“It took a lot of work from people digging up background, looking up old press clips. Just gathering information anywhere you could. Basically, we had members of the organization that were assigned clubs … for example, we had someone assigned to the National League West, or the American League East, and the individuals that were assigned there were in a position where they had the responsibility to gather information however they could. And then we had people in our front office who would read newspapers and try to gather information, looking for any background as far as injuries and off-field issues. You tried to gather information any way you could and keep a file on that.”
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In retrospect, it’s hard to fathom that the timespan from when the two organizations hired their respective general managers – with no additional staff in place – to the day of the 1992 expansion draft was less than 14 months.
Before either team finalized draft plans, though, both GMs took a timeout to conduct managerial searches.
Florida concluded its pursuit first. On October 23, Rene Lachemann was named the Marlins’ first-ever manager. He interviewed with Dombrowski during the playoffs and was hired during the World Series.
Lachemann had previous managerial experience with Seattle (1981-1983) and Milwaukee (1984).
“My first year managing in Seattle, we were basically an expansion club; it was just a few years later than that, but a lot of it was a similar-type thing,” Lachemann said. “When I went in to interview with Dave Dombrowski and the rest of the people who were there, I was very impressed with the scouts that they had. They had gone out and got people like Gary Hughes, these top scouts in baseball. I felt that what they were going to go ahead and do – and they had been looking at players for a year – it was a situation I felt good about.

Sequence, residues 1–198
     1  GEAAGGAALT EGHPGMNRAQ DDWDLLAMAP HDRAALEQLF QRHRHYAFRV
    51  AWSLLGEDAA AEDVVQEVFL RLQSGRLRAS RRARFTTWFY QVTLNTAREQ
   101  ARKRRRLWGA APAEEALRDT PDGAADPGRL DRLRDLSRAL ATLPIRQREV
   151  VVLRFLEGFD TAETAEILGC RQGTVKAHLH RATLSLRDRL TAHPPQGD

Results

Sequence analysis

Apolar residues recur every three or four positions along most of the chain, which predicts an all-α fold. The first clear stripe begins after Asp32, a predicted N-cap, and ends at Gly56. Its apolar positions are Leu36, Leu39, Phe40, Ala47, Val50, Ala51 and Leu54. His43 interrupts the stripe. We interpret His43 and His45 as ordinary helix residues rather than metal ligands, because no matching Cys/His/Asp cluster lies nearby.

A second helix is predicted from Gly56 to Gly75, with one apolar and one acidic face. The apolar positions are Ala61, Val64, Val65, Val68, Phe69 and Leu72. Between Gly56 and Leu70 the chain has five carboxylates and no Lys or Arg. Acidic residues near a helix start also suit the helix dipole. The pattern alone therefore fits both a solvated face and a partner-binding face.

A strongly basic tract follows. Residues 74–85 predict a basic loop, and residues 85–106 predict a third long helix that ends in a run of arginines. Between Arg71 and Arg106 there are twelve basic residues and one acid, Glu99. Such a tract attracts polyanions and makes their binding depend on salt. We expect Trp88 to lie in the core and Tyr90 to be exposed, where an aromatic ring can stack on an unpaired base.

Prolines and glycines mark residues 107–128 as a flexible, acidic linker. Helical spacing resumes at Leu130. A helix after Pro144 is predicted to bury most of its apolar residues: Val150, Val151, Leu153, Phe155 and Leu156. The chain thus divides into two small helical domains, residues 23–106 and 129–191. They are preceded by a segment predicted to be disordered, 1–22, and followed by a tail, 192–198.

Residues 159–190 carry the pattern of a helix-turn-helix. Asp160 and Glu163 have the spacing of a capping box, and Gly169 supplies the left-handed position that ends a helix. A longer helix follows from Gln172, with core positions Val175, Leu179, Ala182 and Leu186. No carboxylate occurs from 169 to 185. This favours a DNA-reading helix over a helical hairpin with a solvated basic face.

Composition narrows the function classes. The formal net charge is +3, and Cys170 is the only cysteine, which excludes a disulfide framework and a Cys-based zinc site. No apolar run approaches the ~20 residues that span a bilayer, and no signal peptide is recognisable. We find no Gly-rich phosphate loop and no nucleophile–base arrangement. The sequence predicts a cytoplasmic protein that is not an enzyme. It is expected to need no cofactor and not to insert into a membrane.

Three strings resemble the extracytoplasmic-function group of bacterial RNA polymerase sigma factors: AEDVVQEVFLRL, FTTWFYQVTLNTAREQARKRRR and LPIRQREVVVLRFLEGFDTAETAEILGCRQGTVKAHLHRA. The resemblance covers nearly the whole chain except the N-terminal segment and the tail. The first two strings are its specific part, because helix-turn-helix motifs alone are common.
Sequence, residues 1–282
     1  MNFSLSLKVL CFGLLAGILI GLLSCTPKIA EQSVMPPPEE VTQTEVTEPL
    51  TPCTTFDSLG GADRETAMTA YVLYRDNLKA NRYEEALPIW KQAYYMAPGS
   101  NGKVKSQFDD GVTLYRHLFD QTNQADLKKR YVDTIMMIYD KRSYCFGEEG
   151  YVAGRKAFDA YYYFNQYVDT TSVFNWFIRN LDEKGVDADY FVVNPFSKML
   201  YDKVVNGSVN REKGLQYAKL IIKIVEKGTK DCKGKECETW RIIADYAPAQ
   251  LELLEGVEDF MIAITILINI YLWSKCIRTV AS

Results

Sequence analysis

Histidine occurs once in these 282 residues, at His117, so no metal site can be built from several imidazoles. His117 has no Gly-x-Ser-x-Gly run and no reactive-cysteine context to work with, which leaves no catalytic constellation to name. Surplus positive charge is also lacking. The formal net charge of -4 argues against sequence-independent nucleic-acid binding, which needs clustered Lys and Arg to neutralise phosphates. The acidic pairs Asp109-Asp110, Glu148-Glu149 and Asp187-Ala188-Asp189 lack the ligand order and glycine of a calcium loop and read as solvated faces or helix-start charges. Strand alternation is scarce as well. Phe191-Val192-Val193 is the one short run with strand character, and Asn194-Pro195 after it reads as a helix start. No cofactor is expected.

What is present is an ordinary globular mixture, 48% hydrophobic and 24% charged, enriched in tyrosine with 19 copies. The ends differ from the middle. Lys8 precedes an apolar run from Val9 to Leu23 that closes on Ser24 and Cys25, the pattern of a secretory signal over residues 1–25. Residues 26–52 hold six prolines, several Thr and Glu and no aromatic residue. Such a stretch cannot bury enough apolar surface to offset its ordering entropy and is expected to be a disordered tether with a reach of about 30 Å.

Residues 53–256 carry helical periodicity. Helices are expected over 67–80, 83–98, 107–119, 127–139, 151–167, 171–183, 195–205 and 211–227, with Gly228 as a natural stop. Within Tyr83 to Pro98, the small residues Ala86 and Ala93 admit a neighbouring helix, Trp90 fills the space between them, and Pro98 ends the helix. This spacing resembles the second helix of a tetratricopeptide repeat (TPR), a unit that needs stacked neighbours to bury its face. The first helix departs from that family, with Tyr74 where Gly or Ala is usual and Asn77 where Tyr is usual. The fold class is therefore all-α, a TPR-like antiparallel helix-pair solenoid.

“It’s one thing in baseball … you can never get too hubris about it. I was there with Oakland and Boston, and in a period of five years, I had been to four World Series.
“I was able to bring my brother Marcel over there to be my pitching coach. That might have been one of the reasons I was able to get the job.”
Meanwhile, four days later, the Rockies announced the hiring of their own manager. Gebhard had taken a different route, selecting a first-time manager to run the club.
“One of my goals was to try and get a manager hired as soon as the regular season was over, because I wanted his input in our selections for the expansion draft,” he said. “So during that last month of the season, besides scouting, I was bearing down on who I might want to bring in for interviews to be the manager. I narrowed it down to about 35 names, then down to about 10, then eventually down to four. Out of that process, we hired Don Baylor.”
Baylor had spent 19 seasons as a big league player – earning A.L. Most Valuable Player honors in 1979 – and was on three World Series clubs (Boston 1986, Minnesota 1987), Oakland 1988).
At his introductory press conference with the local media, Baylor was quoted as saying: “I don’t know who wrote that rule that you have to lose 100 games if you’re an expansion team. We’re going to change the thinking of being an expansion team.”
Baylor didn’t just say it … he meant it. “I remember telling the players in spring training, ‘If I have to suit up and get out there, we’re not going to lose 100 games.’ It wasn’t going to happen,” he said.
With a manager in place, “we now were able to get everyone together to start talking about the draft,” Gebhard said. “We sat in a big conference room in downtown Denver and went through every team and every name and categorized it in about every way that you could.”
As Baylor recalled, “There were a bunch of names out there that were available. Who were we going to draft? Who were we thinking about obtaining? Being in that room, that was a history lesson as far as what players were available.
“I was looking for a different type of player. One that I thought would fit … maybe not my personality, but what I wanted for the Rockies. It was a new team coming in.